One of our readers recently sent us the following story
I like to think our physiotherapy department, situated in a public hospital, is quite switched on about pain education, and usually one can hear the echoes of neuroscience nuggets and all sorts of inventive metaphorical gems bouncing off the walls. We are in a rural area with no access to any secondary persistent pain services, but we do our best and generally I think we do pretty well.
We’ve had a middle aged woman attending our outpatients department sporadically for 6 months after a fall where she had tripped up in the dog’s lead and hit the deck. Fortunately nothing had been broken and apart from being shaken and bruised, the initial expectation was she would repair in a timely way.
This has not gone to plan.
The first physio who had assessed this particular lady, maybe a month after her fall when it became evident that she was not doing so well, had uncovered some of those yellow flags we read about and, not wanting to risk reinforcing false assumptions about structural sources of pain, or risk merely medicalizing the patients misery, embarked courageously on a pain education pathway and consciously veered from any manual therapy input (a policy decision as much as a clinical one). The patient attended a couple of sessions, then failed to attend a couple. She moved in with her daughter because she wasn’t coping, attended again for a couple of sessions, and then slowly became more reclusive; scared to go out of the home much at all.
The physiotherapists, as all new public physios do, rotate. A young colleague took over the follow up and after reading the notes before the next consultation came to me as the senior in charge.
“This is supposed to work better than this ….what is happening?” she implored. I read the charts, absorbed lots of information about observations and impressions, opinions from doctors and from the physiotherapists, but- there was nothing recorded about the opinion of the patient herself.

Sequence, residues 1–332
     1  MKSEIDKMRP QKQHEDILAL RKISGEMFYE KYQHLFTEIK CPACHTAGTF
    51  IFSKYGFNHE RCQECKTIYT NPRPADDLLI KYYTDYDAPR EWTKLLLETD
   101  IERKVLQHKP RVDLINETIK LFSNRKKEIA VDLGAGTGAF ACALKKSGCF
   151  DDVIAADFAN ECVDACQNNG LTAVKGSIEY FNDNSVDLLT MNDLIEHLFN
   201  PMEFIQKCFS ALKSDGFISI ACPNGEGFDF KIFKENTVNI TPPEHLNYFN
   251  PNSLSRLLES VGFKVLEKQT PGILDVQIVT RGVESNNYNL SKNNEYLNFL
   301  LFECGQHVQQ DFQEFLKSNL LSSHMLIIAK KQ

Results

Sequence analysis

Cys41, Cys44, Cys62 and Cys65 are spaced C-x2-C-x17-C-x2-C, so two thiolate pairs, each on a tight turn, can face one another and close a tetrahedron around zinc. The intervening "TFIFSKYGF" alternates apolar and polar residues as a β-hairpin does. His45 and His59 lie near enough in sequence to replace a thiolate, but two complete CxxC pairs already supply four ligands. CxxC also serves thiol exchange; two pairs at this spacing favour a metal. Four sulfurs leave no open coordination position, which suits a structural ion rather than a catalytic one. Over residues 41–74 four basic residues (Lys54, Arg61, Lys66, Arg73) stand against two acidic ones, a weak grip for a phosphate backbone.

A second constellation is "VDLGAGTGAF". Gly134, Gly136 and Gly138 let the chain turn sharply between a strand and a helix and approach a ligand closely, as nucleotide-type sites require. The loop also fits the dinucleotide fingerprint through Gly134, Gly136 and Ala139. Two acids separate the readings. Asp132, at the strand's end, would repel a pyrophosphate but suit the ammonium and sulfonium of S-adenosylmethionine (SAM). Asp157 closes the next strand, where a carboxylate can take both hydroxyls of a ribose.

“Talk to her” I suggested, “go and ask things like; How do you think this is going for you? What do you think you need to do to be well again?”
The patient’s response floored us initially but led to two light bulb moments and powerful learning.
In a quiet voice the patient explained that in all the time she had attended the clinic, no one had touched her,
“I know why” she clarified, “I’m too damaged to be touched and they were afraid of doing more harm to me. Its ok, I know that’s just the way it has to be”
Light Bulb moment Number 1
For the therapists in our department– Don’t let adherence to code or your aversion to making a mistake dull your intuition or your empathy. Don’t underestimate the power of touch for establishing a deeper connection. Yes, I get it, her pain is not going to be found in the periphery, or mobilised out with the latest wiggle or thrust, but, afferent information from the periphery in the form of safe, supported , gently coaxed, guided movement will open up some learning opportunities for her nervous system.
Light bulb moment Number 2
For the patient– Addressing this misconception was a pivotal moment- both the patient’s daughter and the physiotherapist reported seeing a ‘lifting of a burden’. Boundaries that seemed impassable were pushed away, limits were lifted, and although this person will need more support, this one session has massively changed the course of her recovery.
Talking with people on Explain Pain courses, it is evident that there are some misconceptions at times about where therapeutic education fits in. It’s not uncommon to hear the question asked “so, should I stop massaging/mobilising/touching people?” The answer is generally a resounding ‘no’, but with a significant caveat- there needs to be an underpinning rationale based on modern, neuroimmune concepts of pain and an overarching story that is plausible and consistent.
This story is also a powerful reminder that it is the things we don’t do and don’t say as much as it is the things we do say and do that can be memorable and have lasting impacts of the people we treat.